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Evidence Based Response

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Anne Ridgway

on 19 August 2014

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Transcript of Evidence Based Response

What is this type of writing all about?
Is this another ESSAY? AHAHA!

Evidence Based Response
Argumentative/opinion writing must advance a specific claim or claim(s) and provide strong and logical support, based solidly in text, for claims.
How Can I Write an Argumentative EBR?
Example of an EBR for Information

Research one of the locations and time periods from the informational texts provided (i.e. Spinelli’s 1950s Northeastern United States of America). Provide a detailed account of what daily life would have been like for a child your age from that local and time. Students should include examples from the text.
How Can I Write an Informational EBR?
Informative/Explanatory writing should focus on why literary and rhetorical choices are made by the author, and how those choices are intended to affect or impact the reader based solidly in text evidence .
What is an Informational EBR?
An Evidence Based Response should not be boring.
Utilize style and fluency!
-Did I produce a variety of sentences as far as simple, compound, complex, and cd-cx?
-Do my sentences begin in different ways?
-Do my sentences contain transitions when necessary?
-Does the writing have a nice easy flow where information is clear?
-Does the writing contain some literary devices such as personification, simile, metaphor, alliteration, consonance, etc…?
-Do my sentences contain excellent vocabulary that makes the reading enjoyable and relevant?
LAST...but not LEAST
Utilizing Style
Example of an EBR for Argument

Using evidence from three of the provided informational texts, explain the idea of “ever-changing adolescent identities” as they have been presented in the literature. Analyze how the societal expectations vary between the three chosen texts and why/how do you believe the social expectations changed? Students must support all claims with evidence from each of the three texts chosen.
How Can I Write an Argumentative EBR?
An evidence based response consists of a short concise piece of writing that explores a claim based on textual evidence.
The teacher gives you a prompt with a question or questions that allows you to consider a claim that has to be backed up from a text or texts.
This writing usually requires that you relate the document(s) to a historical period or theme or other information that shows your knowledge of major time periods, literature, and/or issues.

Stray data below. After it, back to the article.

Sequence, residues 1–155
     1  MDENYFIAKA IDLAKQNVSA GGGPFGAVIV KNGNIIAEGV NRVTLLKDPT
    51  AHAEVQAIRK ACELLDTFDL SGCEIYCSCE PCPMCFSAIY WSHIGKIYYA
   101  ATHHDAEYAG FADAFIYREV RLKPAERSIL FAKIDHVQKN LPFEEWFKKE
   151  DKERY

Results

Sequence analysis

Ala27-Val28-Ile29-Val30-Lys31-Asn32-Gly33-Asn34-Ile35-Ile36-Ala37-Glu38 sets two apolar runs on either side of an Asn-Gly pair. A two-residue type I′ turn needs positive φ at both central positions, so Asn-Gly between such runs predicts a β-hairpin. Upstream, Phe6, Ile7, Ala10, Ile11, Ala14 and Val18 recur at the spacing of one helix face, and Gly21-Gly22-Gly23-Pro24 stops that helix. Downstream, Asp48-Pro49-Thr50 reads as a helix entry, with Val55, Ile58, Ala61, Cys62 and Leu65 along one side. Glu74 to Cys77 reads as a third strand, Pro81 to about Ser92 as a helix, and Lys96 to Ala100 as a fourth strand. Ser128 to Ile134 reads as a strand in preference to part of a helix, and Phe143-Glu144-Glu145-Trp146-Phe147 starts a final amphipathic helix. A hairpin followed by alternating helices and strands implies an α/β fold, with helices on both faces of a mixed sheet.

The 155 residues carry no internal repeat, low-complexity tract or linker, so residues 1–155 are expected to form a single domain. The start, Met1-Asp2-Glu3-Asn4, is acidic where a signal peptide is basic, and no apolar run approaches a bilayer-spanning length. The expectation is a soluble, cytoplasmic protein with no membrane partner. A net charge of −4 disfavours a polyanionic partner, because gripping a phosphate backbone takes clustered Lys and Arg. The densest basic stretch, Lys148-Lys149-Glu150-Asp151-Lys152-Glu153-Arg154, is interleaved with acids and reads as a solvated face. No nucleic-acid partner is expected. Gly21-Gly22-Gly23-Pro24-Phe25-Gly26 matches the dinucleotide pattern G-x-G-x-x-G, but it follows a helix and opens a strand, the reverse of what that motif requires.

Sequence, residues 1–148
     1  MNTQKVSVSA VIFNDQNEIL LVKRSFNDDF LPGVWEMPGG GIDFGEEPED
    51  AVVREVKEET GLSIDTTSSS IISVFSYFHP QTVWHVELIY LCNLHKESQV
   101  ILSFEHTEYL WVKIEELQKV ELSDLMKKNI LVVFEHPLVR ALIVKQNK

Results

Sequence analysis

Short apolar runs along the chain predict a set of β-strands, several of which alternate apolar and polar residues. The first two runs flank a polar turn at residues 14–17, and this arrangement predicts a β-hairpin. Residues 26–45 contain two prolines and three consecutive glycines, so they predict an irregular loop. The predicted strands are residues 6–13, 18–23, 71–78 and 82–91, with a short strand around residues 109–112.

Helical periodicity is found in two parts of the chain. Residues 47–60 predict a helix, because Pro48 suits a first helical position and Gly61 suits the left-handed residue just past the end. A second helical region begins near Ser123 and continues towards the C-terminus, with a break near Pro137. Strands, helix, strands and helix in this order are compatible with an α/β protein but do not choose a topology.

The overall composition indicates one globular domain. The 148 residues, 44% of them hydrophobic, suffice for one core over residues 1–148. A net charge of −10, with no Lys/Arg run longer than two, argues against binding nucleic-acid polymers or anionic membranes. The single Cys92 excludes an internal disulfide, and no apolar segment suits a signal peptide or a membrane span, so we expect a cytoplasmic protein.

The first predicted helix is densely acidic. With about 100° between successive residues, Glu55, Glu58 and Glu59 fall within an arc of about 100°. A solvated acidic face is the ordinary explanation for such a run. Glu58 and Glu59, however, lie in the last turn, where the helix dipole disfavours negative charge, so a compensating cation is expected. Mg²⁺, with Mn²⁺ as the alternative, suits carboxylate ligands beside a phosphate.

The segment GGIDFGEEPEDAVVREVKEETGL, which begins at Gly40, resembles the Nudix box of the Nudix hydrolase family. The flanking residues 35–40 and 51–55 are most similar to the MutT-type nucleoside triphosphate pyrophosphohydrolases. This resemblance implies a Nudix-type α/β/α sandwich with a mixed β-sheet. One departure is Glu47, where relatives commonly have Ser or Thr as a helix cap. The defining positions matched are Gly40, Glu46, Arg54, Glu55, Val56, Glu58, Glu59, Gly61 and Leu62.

What is an EBR?
STEP ONE. Read the question carefully
Read the question more than once
Circle the tasks demanded of you
Also circle the terms that are unique to the question
Ask yourself what is it that you have to prove?
Pay special attention to economic, political, and social issues that need to be included
How Do You Write an EBR?
How Do You Write an EBR?
Step TWO: Read the document(s) very carefully.

Note similarities and differences between the document authors and topic.
What is the tension between the documents?
Is there bias?
Look for the point of view of the author of each document.
Look for the tone of each document (is there sarcasm? disdain? admiration?).
Look for change over time in the documents.
Look very carefully at the date of each document.
Look for possible solutions in the documents.
How Do You Write an EBR?
Step Three: Outside Information

Feel free to use outside information that you know in your commentary to back up your evidence.
Think of literature, articles, pictures, etc.. of anything else that may relate to this document.
Use this as inspiration when response to the EBR making sure that it relates to the topic.
How Do You Write an EBR?
Step Four: Claim
Make sure that your claim relates to the question(s) asked by your teacher.
How Do You Write an EBR?
Step Five: Write the Response
Your essay CAN look like the following outline!
No this is not a five paragraph essay!
Closer Look?
How Do You Write an EBR?
Step Six: After the Response is Written!
Your essay should be an analysis of the document(s) and the content.

You are demonstrating analysis if you are doing the following:
a. The essay contains a claim.
b. The document(s) are used as evidence to support your claim.
c. Frequent reference is made to the terms of the question.
d. Be certain that your answer is always focused directly on the question. Do not drift away from the question at hand.
Happppy writing!
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